From 'Dopesmoker' to 'Jason the Dragon', Arik Roper is the man behind some of your favourite album art. He places the powerful established icons of rock art into a world that is unmistakably his own. Darkwülf found out about how he works, what makes him tick and what he's up to.
BR: What are you working on just now Arik?
AR: Finishing up a cover for Lesbian's new project ForesTelivision, doing backgrounds for an animated short film based on a Russian Fairy tale, working on a book cover, doing a print design for the Progressive Music Awards, a poster for Cinefamily Theater in LA, and Corrosion of Conformity new album art …. among other things.
BR: What have the reactions been like to your new cover for "Dopesmoker" remaster?
AR: Mostly good from what I've heard. There have been a lot of Dune and Star Wars comparisons, which is inevitable when you have a desert landscape and hooded figures in a sic -fi setting I suppose. I'm fine with those comparisons. The Tee Pee version, though a legitimate release, was my sole interpretation of the music. Back then I approached it from a more ancient/biblical/hash cult perspective, but the reissue is the result of the Al Cisneros and myself working together to achieve the vision of the music itself, something more fantastic to match the imagery of the lyrics, and music.
BR:. What music & artists inspired a young Arik Roper to go into the world and unleash his art upon us?
AR: So much stuff from all over. Early on mostly underground commix, Vaughn Bode, Crumb, Berni Wrightson, Jeff Jones, Frazetta, Heavy Metal magazine to name a few culprits. I was into classic rock, I grew up with it and a lot of that album art seeped into my psyche. I always like Roger Dean and Rick Griffin's iconic covers. I was specifically into Led Zeppelin, Pink Floyd, Jethro Tull , then got into the Metallica, Slayer, etc. during high school. I like escapist, fantastic art and music. I make no apologies for that, it inspires me.
BR: You have been involved in animation in the past; will we ever see an Arik Roper animated film in the style of your poster and album art?
AR: I hope so. All I need is a budget. If there are any investors out there who would like to fund a mind altering animated epic for the ages please get in touch.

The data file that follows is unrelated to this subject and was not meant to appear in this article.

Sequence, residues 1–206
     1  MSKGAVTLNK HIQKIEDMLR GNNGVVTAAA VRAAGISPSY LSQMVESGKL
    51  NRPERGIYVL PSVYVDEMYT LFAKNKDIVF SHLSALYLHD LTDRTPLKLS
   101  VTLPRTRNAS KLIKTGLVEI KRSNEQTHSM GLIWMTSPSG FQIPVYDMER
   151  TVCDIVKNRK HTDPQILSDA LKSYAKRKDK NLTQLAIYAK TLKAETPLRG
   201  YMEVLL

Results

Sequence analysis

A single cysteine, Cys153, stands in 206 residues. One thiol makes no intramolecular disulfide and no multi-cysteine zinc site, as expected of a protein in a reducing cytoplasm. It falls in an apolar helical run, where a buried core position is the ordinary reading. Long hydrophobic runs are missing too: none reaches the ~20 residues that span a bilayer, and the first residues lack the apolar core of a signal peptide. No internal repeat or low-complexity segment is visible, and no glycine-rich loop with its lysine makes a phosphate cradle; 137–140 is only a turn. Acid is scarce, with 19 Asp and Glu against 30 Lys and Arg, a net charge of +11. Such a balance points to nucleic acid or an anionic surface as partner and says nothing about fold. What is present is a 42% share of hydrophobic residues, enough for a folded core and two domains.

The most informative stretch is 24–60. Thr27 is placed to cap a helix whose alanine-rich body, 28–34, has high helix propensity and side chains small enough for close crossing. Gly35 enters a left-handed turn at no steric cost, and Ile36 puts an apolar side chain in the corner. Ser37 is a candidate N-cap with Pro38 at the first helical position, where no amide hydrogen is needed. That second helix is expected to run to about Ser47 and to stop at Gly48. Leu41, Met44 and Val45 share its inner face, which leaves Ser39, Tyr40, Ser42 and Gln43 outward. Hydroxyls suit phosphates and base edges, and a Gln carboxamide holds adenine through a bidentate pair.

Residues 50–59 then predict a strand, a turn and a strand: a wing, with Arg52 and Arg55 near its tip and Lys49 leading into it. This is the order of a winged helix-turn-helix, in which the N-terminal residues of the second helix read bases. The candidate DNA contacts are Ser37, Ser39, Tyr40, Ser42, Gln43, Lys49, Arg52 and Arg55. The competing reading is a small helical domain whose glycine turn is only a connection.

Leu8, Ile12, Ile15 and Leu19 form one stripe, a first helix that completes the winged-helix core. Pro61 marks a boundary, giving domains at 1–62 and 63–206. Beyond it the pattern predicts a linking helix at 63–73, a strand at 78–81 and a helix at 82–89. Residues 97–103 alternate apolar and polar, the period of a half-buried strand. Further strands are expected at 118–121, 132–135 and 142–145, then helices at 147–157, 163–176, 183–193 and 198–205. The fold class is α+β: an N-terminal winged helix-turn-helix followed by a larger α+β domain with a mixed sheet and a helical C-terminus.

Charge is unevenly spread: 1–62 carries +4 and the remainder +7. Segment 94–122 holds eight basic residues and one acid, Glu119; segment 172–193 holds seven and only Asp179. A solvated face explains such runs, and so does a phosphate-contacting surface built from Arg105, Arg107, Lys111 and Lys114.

BR: Tell us about the process where your ideas come from to you actually drawing them, inking etc. Spare no details.
AR: The ideas come from brainstorming on whatever the project requires. I've got countless art and reference books that I refer to for inspiration. Sometimes the ideas might come to me from novels I've read, or mythology, religious imagery etc. This stage can be the longest step of the creative process.
Once I have an idea I move on to the sketch stage and then the inking/ coloring stage. I work on Arches 300 lb hot press paper usually. If I'm doing something with a hardline outline I'll use some permanent ink and a pen. Other times I paint directly on with the watercolors and use an opaque gouache to do highlights. There are stages of refinement after that, adding details on top, bringing out lights, darkening darks.
BR: Tell us about some of your favourite artists working today.
AR: There are some good ones out there today, and several who I like. I think Dan McPharlin's work is interesting. He's got a good Sci Fi feel and executes it nicely. He also does some nice paper sculptures of vintage musical equipment if I recall correctly.
BR: What album covers do you hold in high regard?
AR: Black Sabbath – Sabbath Bloody Sabbath. The imagery is pretty standard fare but Drew Struzan expertly does it.
Hawkwind- Hall of the Mountain Grill- I like Barney Bubbles’ work, and that’s on of my favorites by him.
Dr. Strangely Strange- Heavy Petting. I could choose any number of Roger Dean covers as my favorite but this one is especially nice due to the die cut sleeve.
Burzum – Filosofem. Theodore Kittelsen’s art makes this album an aesthetically haunting experience, regardless of what you think of the musician himself.
Houses of the Holy- Led Zeppelin. Far from obscure but perfectly other wordly. It captures a lysergic mood perfectly. Hipgnosis does it again.
BR: How do you prepare yourself for working on a piece? It’s impossible to ignore the psychedelic element to your work. Do you work under any influence?